July 10, 2008
Fires Create Concern For California’s Condors
The fate of three condor chicks born in April in the wild are currently unknown. The chicks play a critical role in California's reintroduction of the threatened species, which have a low breeding rate and lay eggs only once every two years.
One nest was in the fire's path, and flames had spoiled an aviary where captive chicks are held and trained before being released into the wild."We have three mating condor pairs this year and three active nests that we are really concerned about. We don't know if the chicks are dead or not," Cathy Keeran of the Ventana Wildlife Society told Reuters. The nonprofit group is the only one releasing and managing California condors in the wild.
Keeran said eight captive chicks were rescued by helicopter in a remote canyon in Big Sur before the fire went through their home in the society's aviary.
The Big Sur fire was sparked by lightning strikes that occurred on June 21, and containment is not expected until the end of the month. It has consumed more than 80,000 acres so far, destroying 48 homes and other structures, according to fire officials who spoke on Tuesday.
The region is set for a three-day heat wave that is expected to bring low humidity and triple digit temperatures, further aggravating efforts to control both the Big Sur fire and a separate fire further south near Santa Barbara that has consumed over 9,700 acres in seven days.
The blaze has already swept through a wild area where one of the chicks was nesting.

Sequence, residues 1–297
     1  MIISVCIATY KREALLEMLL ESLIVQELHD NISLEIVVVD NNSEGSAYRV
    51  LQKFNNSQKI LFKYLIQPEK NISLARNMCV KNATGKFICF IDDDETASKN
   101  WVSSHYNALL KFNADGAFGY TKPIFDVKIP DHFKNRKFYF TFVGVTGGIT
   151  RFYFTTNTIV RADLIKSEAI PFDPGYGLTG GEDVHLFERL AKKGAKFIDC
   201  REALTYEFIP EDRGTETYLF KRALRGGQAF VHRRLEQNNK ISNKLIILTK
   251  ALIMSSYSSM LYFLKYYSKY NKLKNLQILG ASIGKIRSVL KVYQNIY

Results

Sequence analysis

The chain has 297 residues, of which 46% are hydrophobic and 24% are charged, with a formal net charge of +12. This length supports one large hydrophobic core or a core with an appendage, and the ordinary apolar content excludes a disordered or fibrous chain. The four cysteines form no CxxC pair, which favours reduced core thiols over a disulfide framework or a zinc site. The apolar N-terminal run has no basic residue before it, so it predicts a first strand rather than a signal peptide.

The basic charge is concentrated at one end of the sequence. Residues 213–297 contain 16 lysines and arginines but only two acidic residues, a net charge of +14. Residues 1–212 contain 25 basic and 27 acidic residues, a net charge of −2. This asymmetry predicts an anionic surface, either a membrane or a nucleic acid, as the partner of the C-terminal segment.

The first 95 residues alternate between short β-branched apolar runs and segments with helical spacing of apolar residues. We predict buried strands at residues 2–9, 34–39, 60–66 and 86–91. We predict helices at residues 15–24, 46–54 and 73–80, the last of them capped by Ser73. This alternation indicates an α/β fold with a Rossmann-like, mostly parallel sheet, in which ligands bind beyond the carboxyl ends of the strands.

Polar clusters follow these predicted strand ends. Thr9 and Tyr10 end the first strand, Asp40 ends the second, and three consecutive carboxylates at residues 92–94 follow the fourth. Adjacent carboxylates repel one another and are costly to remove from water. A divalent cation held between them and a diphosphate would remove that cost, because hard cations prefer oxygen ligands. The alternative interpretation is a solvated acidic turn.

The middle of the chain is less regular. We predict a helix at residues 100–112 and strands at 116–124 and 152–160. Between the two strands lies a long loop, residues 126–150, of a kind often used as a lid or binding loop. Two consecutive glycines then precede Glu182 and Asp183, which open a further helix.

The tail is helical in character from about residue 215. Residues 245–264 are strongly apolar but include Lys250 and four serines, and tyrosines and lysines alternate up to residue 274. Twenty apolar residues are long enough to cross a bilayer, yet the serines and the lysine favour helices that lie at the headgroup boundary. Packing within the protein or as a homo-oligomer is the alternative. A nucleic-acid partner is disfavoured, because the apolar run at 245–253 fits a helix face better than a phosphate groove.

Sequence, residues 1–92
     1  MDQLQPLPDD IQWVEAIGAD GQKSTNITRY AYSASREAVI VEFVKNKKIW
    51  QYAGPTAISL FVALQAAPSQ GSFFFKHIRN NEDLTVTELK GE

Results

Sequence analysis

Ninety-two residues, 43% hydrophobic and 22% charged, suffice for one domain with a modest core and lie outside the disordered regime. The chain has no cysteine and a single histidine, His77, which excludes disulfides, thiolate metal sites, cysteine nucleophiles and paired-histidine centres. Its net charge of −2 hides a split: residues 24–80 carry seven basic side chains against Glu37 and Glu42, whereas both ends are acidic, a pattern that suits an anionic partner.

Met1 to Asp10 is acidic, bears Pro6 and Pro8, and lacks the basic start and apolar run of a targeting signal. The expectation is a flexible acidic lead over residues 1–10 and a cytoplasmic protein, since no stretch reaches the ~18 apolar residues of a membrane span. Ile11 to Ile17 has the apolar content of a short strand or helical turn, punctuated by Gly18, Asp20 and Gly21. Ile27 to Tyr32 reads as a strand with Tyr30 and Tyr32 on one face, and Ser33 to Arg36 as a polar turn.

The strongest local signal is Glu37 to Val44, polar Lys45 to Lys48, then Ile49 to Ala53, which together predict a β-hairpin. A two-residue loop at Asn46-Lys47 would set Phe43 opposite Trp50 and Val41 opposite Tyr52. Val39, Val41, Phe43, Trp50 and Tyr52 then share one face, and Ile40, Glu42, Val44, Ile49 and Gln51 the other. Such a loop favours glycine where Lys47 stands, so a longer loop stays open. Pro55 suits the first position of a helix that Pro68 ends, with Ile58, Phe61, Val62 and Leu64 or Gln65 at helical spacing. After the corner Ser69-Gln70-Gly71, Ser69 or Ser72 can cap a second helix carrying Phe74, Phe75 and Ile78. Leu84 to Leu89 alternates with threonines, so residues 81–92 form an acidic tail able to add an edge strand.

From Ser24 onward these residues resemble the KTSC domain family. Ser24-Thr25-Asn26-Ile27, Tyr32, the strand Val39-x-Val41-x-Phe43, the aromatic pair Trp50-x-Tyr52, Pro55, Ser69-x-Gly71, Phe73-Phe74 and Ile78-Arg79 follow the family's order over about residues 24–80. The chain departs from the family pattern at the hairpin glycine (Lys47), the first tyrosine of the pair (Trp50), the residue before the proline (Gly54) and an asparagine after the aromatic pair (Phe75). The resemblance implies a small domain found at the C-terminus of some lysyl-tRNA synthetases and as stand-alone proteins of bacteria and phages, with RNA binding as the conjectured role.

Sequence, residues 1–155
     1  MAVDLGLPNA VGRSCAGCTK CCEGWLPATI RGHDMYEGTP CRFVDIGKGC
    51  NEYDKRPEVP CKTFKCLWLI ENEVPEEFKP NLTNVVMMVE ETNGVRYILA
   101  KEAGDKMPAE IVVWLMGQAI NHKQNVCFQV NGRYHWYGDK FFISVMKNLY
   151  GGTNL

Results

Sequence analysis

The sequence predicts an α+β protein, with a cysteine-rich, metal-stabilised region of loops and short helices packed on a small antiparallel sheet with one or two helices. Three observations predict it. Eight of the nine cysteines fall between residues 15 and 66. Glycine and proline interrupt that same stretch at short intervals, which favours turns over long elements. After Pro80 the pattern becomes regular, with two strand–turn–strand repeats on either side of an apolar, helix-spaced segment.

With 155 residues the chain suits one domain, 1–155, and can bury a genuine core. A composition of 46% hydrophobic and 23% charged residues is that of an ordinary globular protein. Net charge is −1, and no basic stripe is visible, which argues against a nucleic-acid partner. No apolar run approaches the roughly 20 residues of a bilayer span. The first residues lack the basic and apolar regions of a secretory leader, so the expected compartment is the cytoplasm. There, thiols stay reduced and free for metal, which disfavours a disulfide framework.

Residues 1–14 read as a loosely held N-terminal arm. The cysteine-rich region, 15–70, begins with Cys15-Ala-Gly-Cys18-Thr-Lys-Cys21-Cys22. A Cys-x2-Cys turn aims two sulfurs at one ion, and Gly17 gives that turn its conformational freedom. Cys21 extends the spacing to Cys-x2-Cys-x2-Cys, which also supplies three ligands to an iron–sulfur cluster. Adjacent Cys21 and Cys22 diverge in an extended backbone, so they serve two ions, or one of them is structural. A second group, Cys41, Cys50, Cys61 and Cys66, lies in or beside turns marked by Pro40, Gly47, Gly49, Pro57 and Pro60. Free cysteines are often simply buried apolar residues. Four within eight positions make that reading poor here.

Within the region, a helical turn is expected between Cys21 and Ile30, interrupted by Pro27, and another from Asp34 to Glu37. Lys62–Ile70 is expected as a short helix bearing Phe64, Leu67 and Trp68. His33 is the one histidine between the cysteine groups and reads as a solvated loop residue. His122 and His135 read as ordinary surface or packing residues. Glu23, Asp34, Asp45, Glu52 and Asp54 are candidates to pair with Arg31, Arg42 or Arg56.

"We did fly over the nest and we saw the area was burned but the redwood tree (containing the nest) was still standing," Keeran told Reuters.
The nests for the remaining two condor chicks are closer to the Pacific Ocean, but Keeran said their fate remained unknown amid the acrid smoke covering the region.
The Ventana Wildlife Society manages 43 of Big Sur's wild condors, equipping the birds with tracking devices and providing them with supplemental food.
"We have a couple we have not been able to locate. Hopefully their transmitters are just not working properly," said Keeran.
"Most are staying very low and towards the coast and in the fog line, so they are flying around the fire."
Experts have been working to prevent the extinction of the California condor for more than four decades. The bird, the largest in North America, was declared an endangered species in 1967. By 1977 there were only an estimated 25-30 condors in the wild until scientists began breeding them in captivity and releasing them in the mid-1990s. Results have been mixed.
Image Caption: A California Condor at the Condor Ridge exhibit of the San Diego Wild Animal Park. Photo by Chuck Szmurlo (Wikipedia)